Reflections on College, Capitol Hill and Community Science

Category: Uncategorized

By Zack Valdez

Zack Valdez recently wrapped up a six-month contract position as Project Manager for Thriving Earth Exchange

Zack (second row, third from left) at the Thriving Earth Exchange project launch workshop during AGU Fall Meeting 2018

 

Despite an early enthusiasm to engage and share science with people around me, in graduate school I was tucked away in a lab conducting research for a small cohort of scientists focused on peer-reviewed publications. “I love science… I love science…” I would remind myself. After all, since starting college, I continued organizing STEM outreach events, teaching educational summer camps and enjoying sharing and unraveling STEM research and news articles with friends and family during holidays. I assumed most scientists were equally interested and relatively savvy in sharing their science and clarifying other “nerdy” news too!

In fact, I started my Congressional Science and Technology Policy Fellowship in the U.S. Senate in September of 2017 assuming my ability to communicate science would provide Congress with everything they needed for sound policy-making. I was wrong. I realized changing hearts and minds is NOT purely a function of facts and figures. There is a role for strategy, messaging and compassion that science inherently lacks because science doesn’t take sides. Science doesn’t consider affected populations, associated costs or WHY the greater public should care. It’s fundamentally objective.

The AGU Fall Meeting 2018 project launch workshop brought together community leaders and scientists

Recently, I participated in a panel at a national conference and asked the group of 60 college students in the audience, “How many of you can explain your research or science to a grandparent, younger cousin or stranger in 30 seconds AND create enough interest to merit questions?” Ten, maybe 15, students raised their hands. This was not for a lack of care about their science, strangers or grandparents, but, in my experience, a disconnect between the execution, application and communication of science. The science within university research programs rarely reconfigures for public use and even less for general consumption.

So, I guess I shouldn’t have been surprised by the recent posture of public distrust and anti-science movement during my year on Capitol Hill, and although I felt I should defend science, maybe my mission was to improve public confidence in science. Everyone assembles in awe at the discovery of new planets, mind-controlled drones or autonomous vehicles, but some remain skeptical about GMOs, benefits of vaccines or anthropogenic climate forcing. I feel people should be able to think and say as they choose, but as a scientist, how can I communicate the accumulated technical knowledge and scientific consensus to engage others to appreciate its robust and thorough nature?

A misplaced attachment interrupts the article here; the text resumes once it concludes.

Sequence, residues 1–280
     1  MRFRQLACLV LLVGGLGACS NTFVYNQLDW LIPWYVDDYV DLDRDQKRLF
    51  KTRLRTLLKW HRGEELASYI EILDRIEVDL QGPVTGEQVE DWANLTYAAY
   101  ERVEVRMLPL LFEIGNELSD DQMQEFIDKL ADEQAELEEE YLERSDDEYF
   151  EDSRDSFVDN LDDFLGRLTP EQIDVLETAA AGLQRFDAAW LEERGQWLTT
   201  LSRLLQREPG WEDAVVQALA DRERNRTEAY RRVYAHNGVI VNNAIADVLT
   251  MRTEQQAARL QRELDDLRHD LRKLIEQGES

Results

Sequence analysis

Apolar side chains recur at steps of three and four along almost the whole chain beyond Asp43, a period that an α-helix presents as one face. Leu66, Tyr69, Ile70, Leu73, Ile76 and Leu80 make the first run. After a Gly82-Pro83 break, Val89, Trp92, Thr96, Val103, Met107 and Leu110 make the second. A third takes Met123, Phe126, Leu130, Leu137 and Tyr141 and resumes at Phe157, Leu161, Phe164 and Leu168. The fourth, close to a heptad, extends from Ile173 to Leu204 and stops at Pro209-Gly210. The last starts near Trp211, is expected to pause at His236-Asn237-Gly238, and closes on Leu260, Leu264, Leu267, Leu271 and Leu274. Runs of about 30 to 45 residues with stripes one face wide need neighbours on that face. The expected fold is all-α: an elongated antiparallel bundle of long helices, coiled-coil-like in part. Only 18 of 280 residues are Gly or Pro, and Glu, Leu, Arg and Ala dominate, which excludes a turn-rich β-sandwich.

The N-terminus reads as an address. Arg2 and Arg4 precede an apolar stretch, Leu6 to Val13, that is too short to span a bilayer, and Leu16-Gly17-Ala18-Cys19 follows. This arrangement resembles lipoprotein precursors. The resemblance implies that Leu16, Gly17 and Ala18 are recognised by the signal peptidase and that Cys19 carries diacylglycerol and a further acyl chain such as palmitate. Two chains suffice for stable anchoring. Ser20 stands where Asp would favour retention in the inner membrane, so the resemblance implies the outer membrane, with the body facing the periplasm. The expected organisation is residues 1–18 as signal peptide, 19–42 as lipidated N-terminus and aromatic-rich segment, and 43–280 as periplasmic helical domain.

We (scientists) must meet with people on their terms, listen to their concerns, acknowledge their doubts and not bombard them with facts or force our agenda or level of understanding. We must acknowledge uncertainty and unanimity for vast amounts of data and increase transparency by listening to the priorities or issues people face and strategically catering our message so that it’s useful to them.

Zack emceeing for the Thriving Earth Exchange Reception at Fall Meeting 2018

If we spend more time out of the lab and, just like in politics, get involved within our communities, this can be accomplished and public confidence in science can be restored. We can strengthen ties in the places we work, play, eat and pray through re-evaluating our approach and learning what our communities care about and how science can provide insight, because science is not the only answer. I wanted to explore the world outside of academia, support science within society and engage with people and projects that went beyond basic research.

My tenure at Thriving Earth Exchange assured that science prioritize community challenges first and create distinct and tangible impacts to improve the world around us… Isn’t that the point of science anyway?

Sarah Wilkins editor

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Heidi

Amazing think piece. I agree wholeheartedly on the disconnection between the research community and the rest of the Earth population. When we are frustrated with how “dumb” and “stubborn” non-academic folks are when it comes to understand climate change, your paper is a reminder of why we usually fail in convince people of what we think is going to happen.